Ohio Building Trades workers are positioned to be part of the largest solar power project in the Midwest, if the development proceeds according to plan.
Mark Johnson, Business Manager for the Tri-State Building Trades, spent Tuesday morning in Columbus advocating for the construction of the largest solar power project in the Midwest. Johnson testified before the Public
tilities Commission of Ohio in favor of American Electric Power’s proposal to build two solar power plants in Highland County.
The Columbus Dispatch reported that over 50 people testified at the hearing and “all of them glowed about the project from an economic and environmental prospective.”
According to AEP Ohio, the project will have a 20-year lifespan and, if approved, could be in service by late 2021. The project would result in 150 permanent jobs and 4,000 construction jobs in Highland County.
“I simply can’t thank American Electric Power enough for their steadfast commitment to utilizing the Building Trades union members to build and maintain their facilities,” wrote Johnson in a Facebook post after the hearing.
As the Dispatch reported, the people of Highland and surrounding counties see in this project the chance to rebuild their communities, which were left behind after the economic recovery and have been decimated by the ongoing opioid epidemic:
Witnesses from economic-development and environmental groups along with residents from throughout Ohio testified about the need for jobs in a region of the state that has been struggling economically, and the value of moving away from fossil fuels to renewable sources.
Several people said improving the economy in the region would help in the fight against the opioid crisis.
“I want to be clear: Our people are suffering. … It’s a forgotten land,” said Mark Johnson of Chillicothe who serves as executive secretary of the Tri-State Building and Construction Trade Council.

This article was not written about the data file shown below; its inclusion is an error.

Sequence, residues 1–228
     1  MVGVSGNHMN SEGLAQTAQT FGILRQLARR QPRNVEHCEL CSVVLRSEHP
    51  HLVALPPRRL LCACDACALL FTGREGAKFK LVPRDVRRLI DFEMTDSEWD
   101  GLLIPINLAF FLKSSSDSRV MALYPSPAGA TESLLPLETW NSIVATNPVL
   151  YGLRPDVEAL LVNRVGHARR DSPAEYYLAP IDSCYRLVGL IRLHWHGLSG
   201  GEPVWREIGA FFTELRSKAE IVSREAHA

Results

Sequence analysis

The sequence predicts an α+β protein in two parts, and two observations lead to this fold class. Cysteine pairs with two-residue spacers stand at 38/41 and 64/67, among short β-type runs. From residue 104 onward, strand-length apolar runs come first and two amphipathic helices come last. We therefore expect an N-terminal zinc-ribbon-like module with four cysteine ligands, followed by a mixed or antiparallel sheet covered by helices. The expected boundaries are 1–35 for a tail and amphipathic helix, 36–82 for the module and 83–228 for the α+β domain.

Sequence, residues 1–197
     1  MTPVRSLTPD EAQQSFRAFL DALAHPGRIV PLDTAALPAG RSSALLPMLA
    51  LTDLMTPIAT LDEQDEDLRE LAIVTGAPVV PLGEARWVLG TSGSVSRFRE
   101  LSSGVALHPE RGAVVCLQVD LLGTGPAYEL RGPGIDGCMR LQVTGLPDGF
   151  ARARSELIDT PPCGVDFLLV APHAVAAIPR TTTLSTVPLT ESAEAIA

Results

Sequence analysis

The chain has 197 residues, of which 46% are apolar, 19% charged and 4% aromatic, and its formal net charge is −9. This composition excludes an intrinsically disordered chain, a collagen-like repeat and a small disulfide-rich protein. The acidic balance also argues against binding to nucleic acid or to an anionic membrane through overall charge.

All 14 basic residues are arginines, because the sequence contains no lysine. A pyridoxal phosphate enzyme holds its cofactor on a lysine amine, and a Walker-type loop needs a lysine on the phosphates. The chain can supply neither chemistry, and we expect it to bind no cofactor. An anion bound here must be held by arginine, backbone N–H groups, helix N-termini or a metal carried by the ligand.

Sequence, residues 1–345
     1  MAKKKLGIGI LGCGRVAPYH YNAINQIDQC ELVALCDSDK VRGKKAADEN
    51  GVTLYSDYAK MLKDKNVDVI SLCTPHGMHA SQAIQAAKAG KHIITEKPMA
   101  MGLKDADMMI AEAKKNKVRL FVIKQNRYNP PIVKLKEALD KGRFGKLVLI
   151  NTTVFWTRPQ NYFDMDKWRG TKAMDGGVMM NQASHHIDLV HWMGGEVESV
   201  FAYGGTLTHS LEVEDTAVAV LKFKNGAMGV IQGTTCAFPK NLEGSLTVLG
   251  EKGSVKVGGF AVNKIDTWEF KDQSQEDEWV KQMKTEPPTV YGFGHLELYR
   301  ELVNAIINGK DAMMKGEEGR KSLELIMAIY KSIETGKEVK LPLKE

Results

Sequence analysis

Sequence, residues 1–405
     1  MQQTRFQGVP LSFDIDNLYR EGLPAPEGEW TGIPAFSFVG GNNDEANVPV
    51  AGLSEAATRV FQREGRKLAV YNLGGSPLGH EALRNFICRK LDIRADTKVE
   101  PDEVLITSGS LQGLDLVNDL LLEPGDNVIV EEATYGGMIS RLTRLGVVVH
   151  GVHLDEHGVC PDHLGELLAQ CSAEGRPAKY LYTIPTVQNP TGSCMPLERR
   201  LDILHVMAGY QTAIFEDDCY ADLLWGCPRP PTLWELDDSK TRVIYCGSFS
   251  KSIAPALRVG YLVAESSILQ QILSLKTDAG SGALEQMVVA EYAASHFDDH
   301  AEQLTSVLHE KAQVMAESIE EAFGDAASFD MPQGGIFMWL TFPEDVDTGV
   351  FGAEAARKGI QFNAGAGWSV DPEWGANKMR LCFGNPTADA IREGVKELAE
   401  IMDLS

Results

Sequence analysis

“Once again Mark’s commitment and tenaciousness to the Tri County Building Trades and Southeastern Region of Ohio continues to excel and shine,” said Mike Knisley, Secretary-Treasurer of the Ohio State Building and Construction Trades Council. “Mark has a huge a rapport with the owner community in his jurisdiction. The relationships he’s built and maintained over the years continue to pay dividends with projects like this.”
Ohio’s Building Trades members are dedicated to understanding all types of energy production and investing in the renewable energy that will be sustainable for decades to come. Our skilled tradespeople are integral to the development of Ohio’s 21st century energy infrastructure.
The next PUCO meeting for the solar project will take place on Jan. 15. ACT Ohio will post updates as this project proceeds.
Read more coverage of the PUCO hearing and the Highland County solar project:
Hillsboro Times Gazette: Highland County Solar Projects Pending Approval
Do you have news to share with ACT Ohio blog readers? Contact Kitty French at email@example.com or 614-228-5446.